UK Government Releases Plan to Drive Down the Cost of Clean Heating
The Heat and Building Strategy published on 18 October, outlines the government's approach to clean energy implementation in UK homes. Grants of £5,000 per household have been announced as part of the £450m, 3-year boiler upgrade scheme. This is only a small part of the £3.9bn of total funding committed to decarbonise heat and buildings by 2035.
Low carbon heating systems will soon be on an equal footing price-wise as traditional gas boilers, making them a viable option for most households to install. It is already known that gas boilers will be banned from new built homes by 2025, along with hints at a total gas boiler ban in the future.
The boiler upgrade scheme can be viewed as a tool to accelerate and facilitate a pre-existing government agenda on decarbonisation. It also comes in response to high volatility in global gas prices over in recent weeks. Business and Energy Secretary Kwasi Kwarteng said the move would “protect consumers in [the] long term”, as well as reducing the nation's reliance on fossil fuels.
The announcement of the Heat and Buildings Strategy has been welcomed by actors in the renewable energy sector. Greg Jackson, CEO of Octopus Energy, commented that the price control initiated by this policy would “allow companies to invest in scaling up their clean heating operations.”
British manufacturing has concurrently announced a £60m heat pump ready innovation programme, part of the £1bn net-zero Innovation portfolio. This aims to drive technological innovation, further increasing the commercial viability of clean energy tech. The government expects the creation of tens of thousands of new jobs in the heat pump industry as a result of today’s announcements.
Grants will be made available from April 2022.
What does this mean for the tech sector?
Although heat pumps are already a predominant technology in the sector across Europe, we still need to work with the tech sector and government to build up the UK supply chains and drive down costs.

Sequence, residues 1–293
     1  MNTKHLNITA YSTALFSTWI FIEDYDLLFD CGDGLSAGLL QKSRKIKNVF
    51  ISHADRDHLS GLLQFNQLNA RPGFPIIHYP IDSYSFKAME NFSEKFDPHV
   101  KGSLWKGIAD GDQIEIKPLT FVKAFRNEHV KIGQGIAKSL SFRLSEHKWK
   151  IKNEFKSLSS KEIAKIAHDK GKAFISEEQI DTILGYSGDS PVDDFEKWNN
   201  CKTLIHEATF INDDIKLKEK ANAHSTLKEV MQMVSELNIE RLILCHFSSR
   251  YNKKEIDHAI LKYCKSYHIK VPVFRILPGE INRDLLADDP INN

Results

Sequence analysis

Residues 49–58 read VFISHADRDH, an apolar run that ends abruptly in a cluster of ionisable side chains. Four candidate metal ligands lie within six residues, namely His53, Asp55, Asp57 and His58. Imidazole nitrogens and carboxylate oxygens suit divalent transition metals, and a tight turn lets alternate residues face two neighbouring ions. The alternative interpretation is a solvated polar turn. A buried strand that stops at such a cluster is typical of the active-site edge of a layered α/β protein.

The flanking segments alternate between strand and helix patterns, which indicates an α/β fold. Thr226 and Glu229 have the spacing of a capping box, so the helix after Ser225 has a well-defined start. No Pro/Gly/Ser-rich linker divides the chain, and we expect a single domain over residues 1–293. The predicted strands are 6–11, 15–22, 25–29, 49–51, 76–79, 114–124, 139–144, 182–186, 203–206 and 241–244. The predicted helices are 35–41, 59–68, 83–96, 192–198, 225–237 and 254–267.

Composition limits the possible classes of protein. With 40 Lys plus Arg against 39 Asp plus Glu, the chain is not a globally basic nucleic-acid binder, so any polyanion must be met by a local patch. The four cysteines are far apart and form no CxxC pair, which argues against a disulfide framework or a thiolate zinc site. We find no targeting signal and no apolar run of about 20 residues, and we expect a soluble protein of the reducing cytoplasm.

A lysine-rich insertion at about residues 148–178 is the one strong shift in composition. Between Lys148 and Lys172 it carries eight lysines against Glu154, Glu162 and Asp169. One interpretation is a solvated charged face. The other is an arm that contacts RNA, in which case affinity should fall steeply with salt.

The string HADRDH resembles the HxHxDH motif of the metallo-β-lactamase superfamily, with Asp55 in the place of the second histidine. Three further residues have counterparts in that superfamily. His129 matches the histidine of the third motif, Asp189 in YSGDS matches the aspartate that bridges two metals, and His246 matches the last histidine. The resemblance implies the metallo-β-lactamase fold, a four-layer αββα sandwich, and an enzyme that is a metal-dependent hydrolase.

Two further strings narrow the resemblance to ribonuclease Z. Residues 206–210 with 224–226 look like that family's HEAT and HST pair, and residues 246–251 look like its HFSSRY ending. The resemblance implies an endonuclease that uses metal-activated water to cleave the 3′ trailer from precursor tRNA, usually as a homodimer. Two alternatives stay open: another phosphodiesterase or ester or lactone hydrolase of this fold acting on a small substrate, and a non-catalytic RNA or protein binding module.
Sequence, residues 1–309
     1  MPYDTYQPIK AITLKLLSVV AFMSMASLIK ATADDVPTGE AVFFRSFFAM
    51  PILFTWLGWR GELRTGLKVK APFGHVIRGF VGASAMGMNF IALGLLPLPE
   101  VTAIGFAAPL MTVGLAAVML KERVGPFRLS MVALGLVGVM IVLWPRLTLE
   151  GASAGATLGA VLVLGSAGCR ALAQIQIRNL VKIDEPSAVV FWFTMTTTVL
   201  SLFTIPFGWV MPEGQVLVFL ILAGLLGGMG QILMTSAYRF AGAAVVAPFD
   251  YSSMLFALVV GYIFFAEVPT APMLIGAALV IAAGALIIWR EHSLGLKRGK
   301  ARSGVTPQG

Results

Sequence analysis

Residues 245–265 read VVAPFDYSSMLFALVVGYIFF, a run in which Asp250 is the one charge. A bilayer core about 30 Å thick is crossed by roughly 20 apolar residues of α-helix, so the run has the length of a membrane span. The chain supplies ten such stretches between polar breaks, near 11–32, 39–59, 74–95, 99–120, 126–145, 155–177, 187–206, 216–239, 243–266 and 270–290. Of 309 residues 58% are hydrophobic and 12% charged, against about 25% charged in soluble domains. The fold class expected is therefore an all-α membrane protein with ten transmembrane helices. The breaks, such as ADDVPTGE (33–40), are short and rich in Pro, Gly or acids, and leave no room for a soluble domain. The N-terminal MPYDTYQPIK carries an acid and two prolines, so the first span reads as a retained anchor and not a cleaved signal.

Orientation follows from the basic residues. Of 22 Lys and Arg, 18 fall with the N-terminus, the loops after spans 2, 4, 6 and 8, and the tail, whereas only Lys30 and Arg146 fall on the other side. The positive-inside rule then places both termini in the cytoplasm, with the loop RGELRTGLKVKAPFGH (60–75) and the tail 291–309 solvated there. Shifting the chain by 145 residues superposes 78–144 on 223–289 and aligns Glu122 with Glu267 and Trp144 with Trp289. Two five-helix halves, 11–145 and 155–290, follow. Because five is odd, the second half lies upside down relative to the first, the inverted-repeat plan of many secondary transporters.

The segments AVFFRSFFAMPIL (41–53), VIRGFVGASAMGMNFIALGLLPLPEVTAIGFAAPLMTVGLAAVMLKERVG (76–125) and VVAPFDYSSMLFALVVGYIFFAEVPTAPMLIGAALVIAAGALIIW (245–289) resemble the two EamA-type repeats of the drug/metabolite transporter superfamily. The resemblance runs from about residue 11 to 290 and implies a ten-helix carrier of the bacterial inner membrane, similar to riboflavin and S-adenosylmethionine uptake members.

The technology is there, we need to ensure that our supply chains are there as to decarbonise our buildings, create more flexibility, and achieve net-zero. Traditionally, many buildings have been passive energy consumers. Smart, digital technology provides greater choice, flexibility, and control to consumers.
Great strides have been done already, considering the Energy Digitalisation Strategy, developed by the government, Ofgem and Innovate UK in coordination with the energy sector, sets out a vision and suite of policies to digitalise the energy system. Digitalisation will enable millions of low-carbon assets, including solar PV, electric vehicles, and heat pumps, to be optimised across our energy system by providing the necessary data to significant stakeholders in a timely, safe, and secure way.
techUK’s Smart Energy and Utilities programme aims at delivering the next generation of technological solutions for the sector. We will continue to work together with government, the regulators, and the tech sector to provide expertise, knowledge and bring digital technology to the forefront.
Teodora’s rich background varies from working in business development for a renewable energy lobbying association in Brussels to the fast moving technology innovation startup scene in the UK.
She has designed the market strategy for a German renewable energy engineering scale up for the UK, listed on Nasdaq private market, and now one of the fastest growing scale ups in the world. Previous experience also includes managing a renewable energy startup in London, which has built a small-scale biomass CHP power plant. Teodora is passionate about cross-industry collaboration and working together with academia to inform the design of future educational models and skill building.
Most recently Teodora has ran the commercial activities and business development at Future Cities Catapult, focusing on innovation in cities, digital health and wellbeing, mobility, and infrastructure. Teodora is a passionate STEM Ambassador and a vocal advocate for women in tech.